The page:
The government maintained prevention efforts. For the second consecutive year, the government lacked a NAP but adopted a new plan on the last day of the reporting period in 2019. MOJ led the national steering group, which met sporadically during the reporting period, to coordinate interagency anti-trafficking efforts. The Ministry of Social Affairs appointed a working group to combat social dumping on the domestic labor market, and the group submitted a report to the government with recommendations on assistance and protection for labor trafficking victims. The government did not make efforts to reduce the demand for commercial sex acts. The government did not host any awareness raising events during the reporting period.


As reported over the past five years, human traffickers exploit domestic and foreign victims in Iceland, and, to a lesser extent, traffickers exploit victims from Iceland abroad. Traffickers subject women from Africa, Asia, Eastern Europe, the Baltics, and South America to sex trafficking, often in nightclubs and bars. Traffickers subject men and women from the Baltics, Eastern Europe, and Asia to forced labor in the construction, tourism, and restaurant industries. Observers report a growing number of Albanian boys and Roma individuals vulnerable to forced begging. Foreign “posted workers” are at particular risk of forced labor as the traffickers pay them in their home countries and contract them to work for up to 183 days in Iceland to avoid taxes and union fees, limiting tax authorities’ and union officials’ ability to monitor their work conditions and pay. Traffickers reportedly exploit the visa-free regime in the Schengen Zone and the European Economic Area to bring victims to Iceland for up to three months and move them out of the country before they must register with local authorities.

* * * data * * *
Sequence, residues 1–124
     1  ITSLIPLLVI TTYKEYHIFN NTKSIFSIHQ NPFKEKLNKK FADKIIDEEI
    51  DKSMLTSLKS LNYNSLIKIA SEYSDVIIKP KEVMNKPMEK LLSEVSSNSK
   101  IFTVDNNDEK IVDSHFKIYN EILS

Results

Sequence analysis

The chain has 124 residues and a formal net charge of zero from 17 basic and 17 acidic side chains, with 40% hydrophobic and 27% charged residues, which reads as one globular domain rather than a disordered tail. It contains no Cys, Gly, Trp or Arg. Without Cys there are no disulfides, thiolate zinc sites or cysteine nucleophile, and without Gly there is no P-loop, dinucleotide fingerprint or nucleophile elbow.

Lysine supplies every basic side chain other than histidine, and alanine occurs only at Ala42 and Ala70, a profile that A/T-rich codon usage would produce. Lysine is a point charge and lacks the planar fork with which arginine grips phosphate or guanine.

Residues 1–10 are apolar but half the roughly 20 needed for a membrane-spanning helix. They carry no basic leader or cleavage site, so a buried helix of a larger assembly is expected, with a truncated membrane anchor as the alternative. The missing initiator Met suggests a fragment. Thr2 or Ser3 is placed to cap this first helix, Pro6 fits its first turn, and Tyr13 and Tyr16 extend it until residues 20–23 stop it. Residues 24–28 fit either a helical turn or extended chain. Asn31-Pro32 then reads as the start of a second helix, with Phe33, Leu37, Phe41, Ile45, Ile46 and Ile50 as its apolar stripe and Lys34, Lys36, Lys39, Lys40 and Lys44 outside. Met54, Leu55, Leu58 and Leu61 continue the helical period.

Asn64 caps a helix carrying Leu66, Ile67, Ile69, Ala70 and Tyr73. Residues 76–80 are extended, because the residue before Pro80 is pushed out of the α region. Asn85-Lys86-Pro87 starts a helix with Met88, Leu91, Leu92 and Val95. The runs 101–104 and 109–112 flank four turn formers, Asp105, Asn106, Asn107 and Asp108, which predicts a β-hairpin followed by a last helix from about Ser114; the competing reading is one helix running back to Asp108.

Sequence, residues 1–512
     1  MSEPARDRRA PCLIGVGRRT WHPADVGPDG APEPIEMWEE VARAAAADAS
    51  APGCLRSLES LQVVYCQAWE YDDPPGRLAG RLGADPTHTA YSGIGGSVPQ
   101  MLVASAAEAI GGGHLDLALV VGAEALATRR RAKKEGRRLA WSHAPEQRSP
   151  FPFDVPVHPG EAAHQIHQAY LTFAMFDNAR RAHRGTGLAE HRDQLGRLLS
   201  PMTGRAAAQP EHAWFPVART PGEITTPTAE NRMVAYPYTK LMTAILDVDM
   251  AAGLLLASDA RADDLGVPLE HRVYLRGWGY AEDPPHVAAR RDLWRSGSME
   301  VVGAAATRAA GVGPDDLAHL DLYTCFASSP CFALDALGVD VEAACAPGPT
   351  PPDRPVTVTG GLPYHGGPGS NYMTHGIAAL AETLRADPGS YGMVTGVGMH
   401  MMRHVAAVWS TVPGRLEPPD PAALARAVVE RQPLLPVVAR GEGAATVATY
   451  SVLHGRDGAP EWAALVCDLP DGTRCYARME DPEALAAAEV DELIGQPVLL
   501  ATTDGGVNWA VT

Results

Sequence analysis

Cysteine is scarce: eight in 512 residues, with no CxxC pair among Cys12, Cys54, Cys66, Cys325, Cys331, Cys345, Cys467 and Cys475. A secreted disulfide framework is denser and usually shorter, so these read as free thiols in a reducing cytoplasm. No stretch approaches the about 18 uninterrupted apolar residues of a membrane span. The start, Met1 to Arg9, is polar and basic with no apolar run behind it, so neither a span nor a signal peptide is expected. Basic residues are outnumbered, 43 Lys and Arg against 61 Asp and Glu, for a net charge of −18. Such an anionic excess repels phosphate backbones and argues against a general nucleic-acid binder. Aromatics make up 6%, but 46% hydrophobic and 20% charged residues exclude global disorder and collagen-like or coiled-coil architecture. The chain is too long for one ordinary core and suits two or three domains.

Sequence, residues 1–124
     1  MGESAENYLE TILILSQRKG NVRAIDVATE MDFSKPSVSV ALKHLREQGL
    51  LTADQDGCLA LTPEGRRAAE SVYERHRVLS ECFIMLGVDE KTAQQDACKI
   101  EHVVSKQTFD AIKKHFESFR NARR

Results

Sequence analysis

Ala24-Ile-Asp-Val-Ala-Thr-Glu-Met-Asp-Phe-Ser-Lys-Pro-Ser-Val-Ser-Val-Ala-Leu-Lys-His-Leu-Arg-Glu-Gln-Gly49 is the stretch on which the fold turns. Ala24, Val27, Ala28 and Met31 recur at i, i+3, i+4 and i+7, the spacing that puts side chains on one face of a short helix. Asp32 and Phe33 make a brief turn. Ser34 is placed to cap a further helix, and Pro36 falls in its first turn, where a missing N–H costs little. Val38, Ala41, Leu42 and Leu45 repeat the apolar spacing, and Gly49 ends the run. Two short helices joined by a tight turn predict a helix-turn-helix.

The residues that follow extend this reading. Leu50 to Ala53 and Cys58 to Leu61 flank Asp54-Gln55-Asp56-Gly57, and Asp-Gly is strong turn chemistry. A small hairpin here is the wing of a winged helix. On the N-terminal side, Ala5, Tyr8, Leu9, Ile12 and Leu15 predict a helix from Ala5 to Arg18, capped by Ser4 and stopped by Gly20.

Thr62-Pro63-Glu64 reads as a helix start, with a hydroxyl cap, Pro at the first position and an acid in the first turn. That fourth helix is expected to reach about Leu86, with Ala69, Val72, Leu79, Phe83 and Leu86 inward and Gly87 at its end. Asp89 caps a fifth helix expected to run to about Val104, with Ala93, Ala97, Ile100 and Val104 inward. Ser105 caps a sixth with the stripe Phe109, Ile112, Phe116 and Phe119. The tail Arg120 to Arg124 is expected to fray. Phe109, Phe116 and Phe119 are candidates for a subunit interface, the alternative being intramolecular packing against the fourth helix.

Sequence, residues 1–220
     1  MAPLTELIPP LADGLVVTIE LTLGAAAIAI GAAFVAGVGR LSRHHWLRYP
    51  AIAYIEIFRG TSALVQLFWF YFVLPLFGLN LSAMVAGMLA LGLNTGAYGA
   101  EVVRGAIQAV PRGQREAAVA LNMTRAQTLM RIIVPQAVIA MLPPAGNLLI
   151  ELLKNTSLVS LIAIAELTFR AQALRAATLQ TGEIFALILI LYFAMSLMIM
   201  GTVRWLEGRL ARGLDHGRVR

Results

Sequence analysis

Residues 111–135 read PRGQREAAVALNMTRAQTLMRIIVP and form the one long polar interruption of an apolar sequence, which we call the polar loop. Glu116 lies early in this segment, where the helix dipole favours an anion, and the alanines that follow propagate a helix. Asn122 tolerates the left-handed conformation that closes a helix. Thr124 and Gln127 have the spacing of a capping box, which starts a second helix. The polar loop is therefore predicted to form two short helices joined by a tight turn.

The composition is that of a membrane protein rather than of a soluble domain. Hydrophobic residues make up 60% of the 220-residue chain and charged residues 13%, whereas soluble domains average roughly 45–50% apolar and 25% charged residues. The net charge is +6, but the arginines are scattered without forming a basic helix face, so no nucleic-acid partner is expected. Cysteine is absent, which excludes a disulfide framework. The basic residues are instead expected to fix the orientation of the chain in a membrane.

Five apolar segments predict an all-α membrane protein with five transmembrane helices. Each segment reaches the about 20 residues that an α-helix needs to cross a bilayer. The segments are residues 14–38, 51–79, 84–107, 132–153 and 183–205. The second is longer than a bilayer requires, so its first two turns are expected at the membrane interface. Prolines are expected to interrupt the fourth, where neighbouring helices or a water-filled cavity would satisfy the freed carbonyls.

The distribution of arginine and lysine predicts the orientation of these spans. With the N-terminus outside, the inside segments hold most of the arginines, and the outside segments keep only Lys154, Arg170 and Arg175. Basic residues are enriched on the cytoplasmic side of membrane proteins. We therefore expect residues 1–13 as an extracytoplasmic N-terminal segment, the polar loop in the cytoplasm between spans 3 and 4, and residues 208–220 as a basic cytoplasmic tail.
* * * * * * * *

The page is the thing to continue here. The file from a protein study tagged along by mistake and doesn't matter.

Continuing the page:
U.S. Department of State

The Lessons of 1989: Freedom and Our Future